Our citizen legislators tend to be partial to subjects where they have some background. Thus, legislators from Lea and Eddy counties tend to be fond of oil and gas. A legislator from the University of New Mexico’s law school turns out to be “progressive,” not that “progressive” means progress.
Here’s an example of lobbyist spending. The National Dance Institute in Albuquerque has five registered lobbyists including the executive director, Russell Baker. Three of the people are listed at the same post office box in Santa Fe. The group’s Dec. 31 report showed spending of $17.31. Lunch for a legislator, maybe?

​© 2020 NEW MEXICO NEWS SERVICES     2/24/20
Private sector Good Samaritans needed to help clean up mines
By Harold Morgan

New Mexico Progress
The full glory of the 2015 Gold King Mine spill of three million gallons of toxin-laden water into the Animas River fills a full page opposite the title of a new report about cleaning up abandoned mines: “Prospecting for Pollution: The Need for Better Incentives to Clean Up Abandoned Mines.” The author is Jonathan Wood, a Property and Environment Research Center (PERC) research fellow and an attorney at Pacific Legal Foundation.
Immediately after the spill Rep. Ben Ray Lujan, now a Senate candidate, declined to stand up for his constituents as the yellow squash-colored Animas flowed across his congressional district. But enough of that.
PERC, of Bozeman, Montana, calls itself the “home of free market environmentalism.” The notion of free markets and environmentalism might be considered an oxymoron by religious enviro types. Read on.
The state’s Mining and Minerals Division says on its website that “there are over 15,000 abandoned mine features in the State of New Mexico. They range from shallow prospect pits to 500 feet deep mine shafts to piles of coal gob (mine waste).” Tunnels and air vents are features.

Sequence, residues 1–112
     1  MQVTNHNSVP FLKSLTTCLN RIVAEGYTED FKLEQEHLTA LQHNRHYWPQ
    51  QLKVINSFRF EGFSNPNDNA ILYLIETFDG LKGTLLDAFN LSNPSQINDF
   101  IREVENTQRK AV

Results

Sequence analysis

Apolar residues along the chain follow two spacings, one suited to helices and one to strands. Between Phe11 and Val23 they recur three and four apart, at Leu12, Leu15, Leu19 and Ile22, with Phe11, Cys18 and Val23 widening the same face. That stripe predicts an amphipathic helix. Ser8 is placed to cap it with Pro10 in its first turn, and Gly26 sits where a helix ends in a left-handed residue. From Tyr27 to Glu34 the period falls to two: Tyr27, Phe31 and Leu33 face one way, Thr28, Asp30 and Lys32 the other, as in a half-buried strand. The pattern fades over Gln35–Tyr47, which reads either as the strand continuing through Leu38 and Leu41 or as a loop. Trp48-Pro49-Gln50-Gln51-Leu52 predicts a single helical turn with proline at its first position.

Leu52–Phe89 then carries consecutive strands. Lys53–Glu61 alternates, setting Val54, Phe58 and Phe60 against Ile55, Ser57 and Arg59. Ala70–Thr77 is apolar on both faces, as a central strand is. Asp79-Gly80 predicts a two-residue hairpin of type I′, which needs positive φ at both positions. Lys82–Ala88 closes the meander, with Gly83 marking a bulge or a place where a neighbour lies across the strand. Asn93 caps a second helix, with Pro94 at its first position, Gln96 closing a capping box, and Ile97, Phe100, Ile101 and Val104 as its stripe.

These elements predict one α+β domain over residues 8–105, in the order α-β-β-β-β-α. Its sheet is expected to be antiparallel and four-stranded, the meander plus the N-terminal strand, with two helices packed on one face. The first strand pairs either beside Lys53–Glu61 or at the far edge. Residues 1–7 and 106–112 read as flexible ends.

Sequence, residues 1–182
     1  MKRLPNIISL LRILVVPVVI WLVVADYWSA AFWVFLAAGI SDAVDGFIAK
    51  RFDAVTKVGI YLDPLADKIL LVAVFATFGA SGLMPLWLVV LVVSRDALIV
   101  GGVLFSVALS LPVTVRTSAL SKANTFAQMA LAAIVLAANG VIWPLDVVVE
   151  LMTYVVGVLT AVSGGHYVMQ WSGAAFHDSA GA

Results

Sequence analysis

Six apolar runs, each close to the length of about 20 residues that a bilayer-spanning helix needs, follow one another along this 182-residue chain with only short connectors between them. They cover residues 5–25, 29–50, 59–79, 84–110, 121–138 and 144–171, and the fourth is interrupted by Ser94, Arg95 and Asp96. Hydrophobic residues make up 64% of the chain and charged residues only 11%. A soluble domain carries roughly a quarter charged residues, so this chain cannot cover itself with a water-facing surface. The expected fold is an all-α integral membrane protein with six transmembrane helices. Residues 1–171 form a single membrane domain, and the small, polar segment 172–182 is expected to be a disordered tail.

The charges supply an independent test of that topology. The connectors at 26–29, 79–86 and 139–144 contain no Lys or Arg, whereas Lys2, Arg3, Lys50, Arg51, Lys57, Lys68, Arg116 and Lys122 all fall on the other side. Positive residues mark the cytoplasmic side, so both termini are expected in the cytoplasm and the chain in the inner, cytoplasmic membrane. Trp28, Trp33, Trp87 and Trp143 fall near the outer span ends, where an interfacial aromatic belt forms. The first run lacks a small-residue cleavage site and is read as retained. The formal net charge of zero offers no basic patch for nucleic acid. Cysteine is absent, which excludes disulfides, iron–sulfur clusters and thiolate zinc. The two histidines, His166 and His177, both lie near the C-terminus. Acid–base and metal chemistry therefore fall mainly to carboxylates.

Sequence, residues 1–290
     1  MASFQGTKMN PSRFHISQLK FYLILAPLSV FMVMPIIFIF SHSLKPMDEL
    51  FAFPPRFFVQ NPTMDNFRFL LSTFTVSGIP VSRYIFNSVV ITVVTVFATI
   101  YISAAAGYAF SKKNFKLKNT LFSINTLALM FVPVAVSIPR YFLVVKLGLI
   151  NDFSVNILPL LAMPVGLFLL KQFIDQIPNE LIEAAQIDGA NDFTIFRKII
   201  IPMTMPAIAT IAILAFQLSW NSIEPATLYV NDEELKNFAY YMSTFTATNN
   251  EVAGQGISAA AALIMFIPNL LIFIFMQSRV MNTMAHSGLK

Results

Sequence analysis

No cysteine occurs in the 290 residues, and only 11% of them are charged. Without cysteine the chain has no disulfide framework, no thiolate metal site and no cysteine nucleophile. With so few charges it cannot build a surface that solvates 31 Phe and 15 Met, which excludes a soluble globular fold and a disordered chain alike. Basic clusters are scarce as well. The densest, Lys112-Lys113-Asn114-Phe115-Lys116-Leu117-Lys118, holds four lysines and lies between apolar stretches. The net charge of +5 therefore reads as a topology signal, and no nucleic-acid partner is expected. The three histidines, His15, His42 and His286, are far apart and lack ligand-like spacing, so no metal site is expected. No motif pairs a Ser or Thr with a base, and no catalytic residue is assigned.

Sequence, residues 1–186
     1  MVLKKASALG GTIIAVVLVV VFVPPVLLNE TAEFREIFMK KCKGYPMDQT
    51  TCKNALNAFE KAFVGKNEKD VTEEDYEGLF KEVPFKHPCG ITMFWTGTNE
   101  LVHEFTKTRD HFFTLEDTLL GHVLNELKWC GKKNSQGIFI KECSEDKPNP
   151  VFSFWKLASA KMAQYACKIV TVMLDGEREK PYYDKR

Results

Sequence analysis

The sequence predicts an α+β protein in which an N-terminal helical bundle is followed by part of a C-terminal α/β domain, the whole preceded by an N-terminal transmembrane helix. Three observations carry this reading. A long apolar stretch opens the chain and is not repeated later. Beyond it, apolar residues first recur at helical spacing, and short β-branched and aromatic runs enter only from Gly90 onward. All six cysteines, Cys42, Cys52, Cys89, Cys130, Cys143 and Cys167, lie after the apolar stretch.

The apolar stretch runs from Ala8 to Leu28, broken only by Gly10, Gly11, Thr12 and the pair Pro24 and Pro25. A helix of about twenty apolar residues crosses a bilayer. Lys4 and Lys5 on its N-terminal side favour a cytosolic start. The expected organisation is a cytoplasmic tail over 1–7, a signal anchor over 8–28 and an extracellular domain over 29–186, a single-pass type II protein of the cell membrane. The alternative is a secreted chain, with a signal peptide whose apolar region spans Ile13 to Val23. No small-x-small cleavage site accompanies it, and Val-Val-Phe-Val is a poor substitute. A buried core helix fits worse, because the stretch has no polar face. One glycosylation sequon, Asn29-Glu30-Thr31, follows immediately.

New Mexico is one of five states with more than 6,500 abandoned mines. The Navajo Nation, much of which is in Arizona, has more than 500 abandoned uranium mines. A $600 million cleanup program for 94 mines was approved in 2017. The deal is between the EPA, the Navajo Nation and Freeport-McMoRan, a Phoenix-based mining firm. More to come.
Abandoned mines remaining untended or sloppily and carelessly tended (think Gold King) can generate all sorts of nasty problems. The EPA is generally responsible for cleaning up the messes, a situation that does not produce happiness. Remember, the EPA caused the Gold King spill. Worse, the PERC report says, the EPA gets only a small part of the money needed to have any effect. Yet estimated cleanup costs are in the tens of billions.
Enter markets and the private sector, maybe.
In general conversations, markets are black boxes of sorts. Stuff is mysteriously produced. The left (Bernie Sanders) claims markets are a conspiracy and all rigged. Economist Deidre McCloskey offers a better explanation. Markets comprise free people with ideas, which are thought useful and are embraced by other free people who agree the ideas are useful. Value (money) is exchanged and life for both is improved. There is a “betterment,” as McCloskey puts it.
Possible betterments from abandoned mines can exist. Minerals that are economically viable today remain in mines. Such minerals could not be profitably mined using the technologies of a century ago. Mine waste may also contain previously unknown minerals that are profitable today. Utilities might find it cheaper to do a one-off cleanup than paying for water treatment until the end of time. Conservation groups such as Trout Unlimited have helped financially with mine cleanup. The report calls such groups “Good Samaritans.” Those who would benefit from cleanups represent “a large, untapped source for additional funds,” Wood says.
But then enter the regulators. Catch 22 appears to be the uniting principle for constructing rules. “Federal regulations erect substantial obstacles... (and) make voluntary participation in any cleanup a risky proposition,” Wood says. He examines two huge sets of regulations: the Superfund and the Clean Water Act.
They are a mess. Examples include an EPA rule that could snare someone buying a polluted property. The buyer can become responsible for all past pollution even if having nothing to do with past sins.
Legislative solutions require eliminating disincentives, limiting red tape, reducing litigation risk for both Good Samaritans and the feds, creating water quality trading schemes.
Want to know more? Wood provides five pages of endnotes.

© 2020 NEW MEXICO NEWS SERVICES     2/10/20
HSD Data Book offers sprinkling of basics plus budget pitch
By Harold Morgan

New Mexico Progress
The introduction to the Human Services Department’s new State of New Mexico Data Book says it is “a summary of social, economic and health statistics of our state.” There is “a diversity of information.”
Strip away everything else and find a sales pitch for the department’s budget requests for fiscal year 2021, the budget year starting July 1. Of the 186 pages, 26 are devoted to the money. Another 37 pages go to HSD’s programs.